United States District Court, E.D. California
L. Nunley United States District Judge
matter is before the Court on Defendant Eric Stagno's
(“Defendant”) Appeal from Conviction by a
Magistrate Judge. (ECF No. 71.) Defendant filed his brief on
August 20, 2019. (ECF No. 84.) The Government filed an
answering brief on October 1, 2019. (ECF No. 89.) On November
21, 2019, the Court heard oral argument on the matter. After
carefully considering the parties' arguments and for the
reasons set forth below, the Court AFFIRMS Defendant's
Factual and Procedural Background
case arose from three disturbances caused by Defendant in
August of 2017 at a Department of Veterans Affairs
(“VA”) clinic in Stockton, California. (ECF No.
89 at 4.) On all three occasions, Defendant, a VA patient,
shouted threatening, angry, and insulting words - including
vulgarities and racial slurs - at VA staff and patients.
(Id.) Defendant's conduct escalated during the
third occasion on August 29, 2017, which prompted the
Government to file a criminal complaint on September 1, 2017.
(ECF No. 38 at 3.)
September 7, 2017, the Government filed a two-count
information against Defendant. (ECF No. 10.) Count one
charged Defendant with assaulting, resisting, or impeding
certain officers or employees in violation of 18 U.S.C.
§ 111(a). (Id. at 1.) Count two charged
Defendant with disorderly conduct in violation of 38 U.S.C.
§ 901 and 38 C.F.R. §§ 1.218(a)(5) and
(b)(11). (Id. at 2.) Both counts are misdemeanors.
(Id. at 1-2.)
magistrate court held a three-day jury trial on April 16
through April 18, 2018. On April 18, 2018, the jury returned
a verdict finding Defendant not guilty on count one and
guilty on count two. (ECF No. 60.) The magistrate court
sentenced Defendant to three years of probation and 50 hours
of community service to be completed within the first year of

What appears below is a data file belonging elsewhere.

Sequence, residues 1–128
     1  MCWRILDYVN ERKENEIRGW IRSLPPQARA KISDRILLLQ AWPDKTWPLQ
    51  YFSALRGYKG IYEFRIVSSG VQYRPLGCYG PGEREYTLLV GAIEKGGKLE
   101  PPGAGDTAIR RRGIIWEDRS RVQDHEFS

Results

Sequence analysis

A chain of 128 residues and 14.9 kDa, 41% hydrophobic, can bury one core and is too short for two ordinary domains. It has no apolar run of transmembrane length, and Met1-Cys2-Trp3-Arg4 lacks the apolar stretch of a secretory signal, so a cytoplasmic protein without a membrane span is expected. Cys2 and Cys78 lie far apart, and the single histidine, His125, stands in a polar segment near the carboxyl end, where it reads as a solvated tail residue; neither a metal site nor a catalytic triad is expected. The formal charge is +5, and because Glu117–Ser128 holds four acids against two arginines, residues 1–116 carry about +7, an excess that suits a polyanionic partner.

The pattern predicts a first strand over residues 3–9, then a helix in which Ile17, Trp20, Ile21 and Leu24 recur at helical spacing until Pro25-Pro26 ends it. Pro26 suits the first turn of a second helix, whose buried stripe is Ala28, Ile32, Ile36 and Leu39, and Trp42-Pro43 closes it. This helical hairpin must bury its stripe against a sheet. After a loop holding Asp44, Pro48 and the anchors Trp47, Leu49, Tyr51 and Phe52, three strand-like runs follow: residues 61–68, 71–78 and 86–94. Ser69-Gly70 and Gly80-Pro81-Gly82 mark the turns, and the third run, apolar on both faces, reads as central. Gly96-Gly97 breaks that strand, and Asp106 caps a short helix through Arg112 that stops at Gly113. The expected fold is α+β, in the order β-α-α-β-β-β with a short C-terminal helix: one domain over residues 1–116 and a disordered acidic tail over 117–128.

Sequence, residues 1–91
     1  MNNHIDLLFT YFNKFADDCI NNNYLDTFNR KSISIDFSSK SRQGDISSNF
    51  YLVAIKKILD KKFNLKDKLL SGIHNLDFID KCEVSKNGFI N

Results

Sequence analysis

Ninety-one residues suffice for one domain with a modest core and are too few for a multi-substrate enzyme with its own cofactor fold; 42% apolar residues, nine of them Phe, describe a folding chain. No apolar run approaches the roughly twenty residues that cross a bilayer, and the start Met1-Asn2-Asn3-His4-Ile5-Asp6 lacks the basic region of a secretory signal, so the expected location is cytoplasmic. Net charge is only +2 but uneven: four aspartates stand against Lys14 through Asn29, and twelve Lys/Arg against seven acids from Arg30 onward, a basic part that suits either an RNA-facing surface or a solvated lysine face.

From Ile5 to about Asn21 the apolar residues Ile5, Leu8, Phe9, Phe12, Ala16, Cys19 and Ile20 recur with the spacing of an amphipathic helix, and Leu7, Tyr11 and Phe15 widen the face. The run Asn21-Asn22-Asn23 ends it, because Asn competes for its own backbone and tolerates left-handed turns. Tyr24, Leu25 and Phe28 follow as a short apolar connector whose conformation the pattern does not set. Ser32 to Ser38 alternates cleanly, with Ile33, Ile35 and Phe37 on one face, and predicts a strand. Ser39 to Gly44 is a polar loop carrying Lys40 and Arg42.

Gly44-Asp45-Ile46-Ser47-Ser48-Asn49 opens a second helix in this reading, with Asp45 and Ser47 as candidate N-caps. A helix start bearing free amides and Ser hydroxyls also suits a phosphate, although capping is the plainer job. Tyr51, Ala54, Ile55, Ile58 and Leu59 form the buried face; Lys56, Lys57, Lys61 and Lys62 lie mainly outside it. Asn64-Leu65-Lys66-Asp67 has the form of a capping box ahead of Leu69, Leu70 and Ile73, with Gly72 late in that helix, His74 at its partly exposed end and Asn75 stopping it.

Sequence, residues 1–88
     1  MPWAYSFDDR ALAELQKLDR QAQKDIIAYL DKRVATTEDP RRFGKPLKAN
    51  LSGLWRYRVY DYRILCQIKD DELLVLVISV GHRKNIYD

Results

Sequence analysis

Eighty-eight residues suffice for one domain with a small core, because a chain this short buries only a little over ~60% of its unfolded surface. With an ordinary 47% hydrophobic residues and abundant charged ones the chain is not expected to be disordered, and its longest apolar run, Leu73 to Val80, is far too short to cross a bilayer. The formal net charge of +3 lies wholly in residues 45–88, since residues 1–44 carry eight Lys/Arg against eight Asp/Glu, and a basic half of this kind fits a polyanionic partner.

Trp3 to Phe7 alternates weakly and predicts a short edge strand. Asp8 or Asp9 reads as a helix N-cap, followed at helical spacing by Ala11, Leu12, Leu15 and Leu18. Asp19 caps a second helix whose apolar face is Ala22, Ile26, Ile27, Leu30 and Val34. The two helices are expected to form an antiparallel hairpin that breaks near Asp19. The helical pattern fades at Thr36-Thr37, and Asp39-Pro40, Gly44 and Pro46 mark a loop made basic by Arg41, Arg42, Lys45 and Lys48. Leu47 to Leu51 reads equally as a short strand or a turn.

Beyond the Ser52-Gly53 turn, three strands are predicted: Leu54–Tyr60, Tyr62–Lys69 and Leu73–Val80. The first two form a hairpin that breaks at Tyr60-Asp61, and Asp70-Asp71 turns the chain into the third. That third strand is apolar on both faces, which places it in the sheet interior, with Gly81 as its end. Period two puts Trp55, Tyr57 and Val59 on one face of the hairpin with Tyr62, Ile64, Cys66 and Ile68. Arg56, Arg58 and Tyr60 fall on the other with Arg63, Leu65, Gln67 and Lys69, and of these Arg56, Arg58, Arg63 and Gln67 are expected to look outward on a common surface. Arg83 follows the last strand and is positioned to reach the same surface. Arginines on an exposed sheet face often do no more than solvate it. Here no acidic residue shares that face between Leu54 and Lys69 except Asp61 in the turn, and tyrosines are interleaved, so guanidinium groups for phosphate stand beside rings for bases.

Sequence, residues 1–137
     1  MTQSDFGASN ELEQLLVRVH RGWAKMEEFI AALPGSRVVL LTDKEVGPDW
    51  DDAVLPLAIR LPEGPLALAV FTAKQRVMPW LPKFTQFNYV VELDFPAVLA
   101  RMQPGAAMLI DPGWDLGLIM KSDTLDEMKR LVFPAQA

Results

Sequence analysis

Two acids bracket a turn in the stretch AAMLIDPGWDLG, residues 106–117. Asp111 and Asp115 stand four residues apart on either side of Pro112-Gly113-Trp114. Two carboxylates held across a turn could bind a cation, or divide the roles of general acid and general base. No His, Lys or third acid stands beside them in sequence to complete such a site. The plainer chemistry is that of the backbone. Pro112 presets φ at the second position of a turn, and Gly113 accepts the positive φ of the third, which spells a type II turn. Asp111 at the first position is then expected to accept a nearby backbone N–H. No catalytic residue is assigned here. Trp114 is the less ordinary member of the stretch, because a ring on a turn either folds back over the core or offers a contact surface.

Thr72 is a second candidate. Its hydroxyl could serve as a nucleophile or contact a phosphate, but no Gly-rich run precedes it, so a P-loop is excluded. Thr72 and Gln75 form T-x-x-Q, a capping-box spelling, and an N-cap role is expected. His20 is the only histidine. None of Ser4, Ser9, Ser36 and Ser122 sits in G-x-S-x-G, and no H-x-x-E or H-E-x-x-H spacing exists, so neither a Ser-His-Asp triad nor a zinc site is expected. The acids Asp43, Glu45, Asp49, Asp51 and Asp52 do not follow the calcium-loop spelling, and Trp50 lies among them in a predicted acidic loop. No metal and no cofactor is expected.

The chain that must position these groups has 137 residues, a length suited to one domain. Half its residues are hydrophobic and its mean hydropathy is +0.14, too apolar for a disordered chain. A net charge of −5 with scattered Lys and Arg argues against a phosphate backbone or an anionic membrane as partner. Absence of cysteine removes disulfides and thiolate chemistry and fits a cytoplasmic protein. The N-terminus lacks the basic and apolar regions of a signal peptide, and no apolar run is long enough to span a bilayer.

probation. (ECF No. 70.)
filed a notice of appeal directly with the Ninth Circuit on
June 5, 2018. (ECF No. 71.) On April 15, 2019, Defendant
filed a motion to remand the appeal pursuant to 18 U.S.C.
§ 3402. The Ninth Circuit remanded the appeal to this
Court on July 9, 2019. (ECF No. 80.)
Standard of Review
defendant is entitled to a jury instruction on a defense
theory if the theory has a basis in law and in the
record.” United States v. Hayes, 794 F.2d
1348, 1350 (9th Cir. 1986). “We review de novo
whether an instruction is ‘supported by
law.'” United States v. Anguiano-Morfin,
713 F.3d 1208, 1209 (9th Cir. 2013) (citation omitted).
“We review for an abuse of discretion whether it has
‘some foundation in the evidence.'”
Id. (citation omitted). “The adequacy of the
jury instructions, however, is determined by examining the
instructions as a whole.” Hayes, 794 F.2d at
1350. “[I]t is not error to refuse a proposed
instruction so long as the other instructions in their
entirety cover that theory.” Id. “The
district court has broad discretion in formulating the
instructions and need not give an instruction in the precise
language proposed by the defendant.” Id.
“Imperfectly formulated jury instructions will serve as
a basis for overturning a conviction only upon a showing of
abuse of discretion.” Id.
disorderly conduct regulation at issue is 38 C.F.R. §
1.218(a)(5), which states,
Conduct on [VA] property which creates loud or unusual noise;
which unreasonably obstructs the usual use of entrances,
foyers, lobbies, corridors, offices, elevators, stairways, or
parking lots; which otherwise impedes or disrupts the
performance of official duties by Government employees; which
prevents one from obtaining medical or other services
provided on the property in a timely manner; or the use of
loud, abusive, or otherwise improper language; or unwarranted
loitering, sleeping, or assembly is prohibited.
argues that the magistrate court erred by refusing two of his
proposed jury instructions. The Court will address
Defendant's proposed jury instructions in turn.
Proposed Jury ...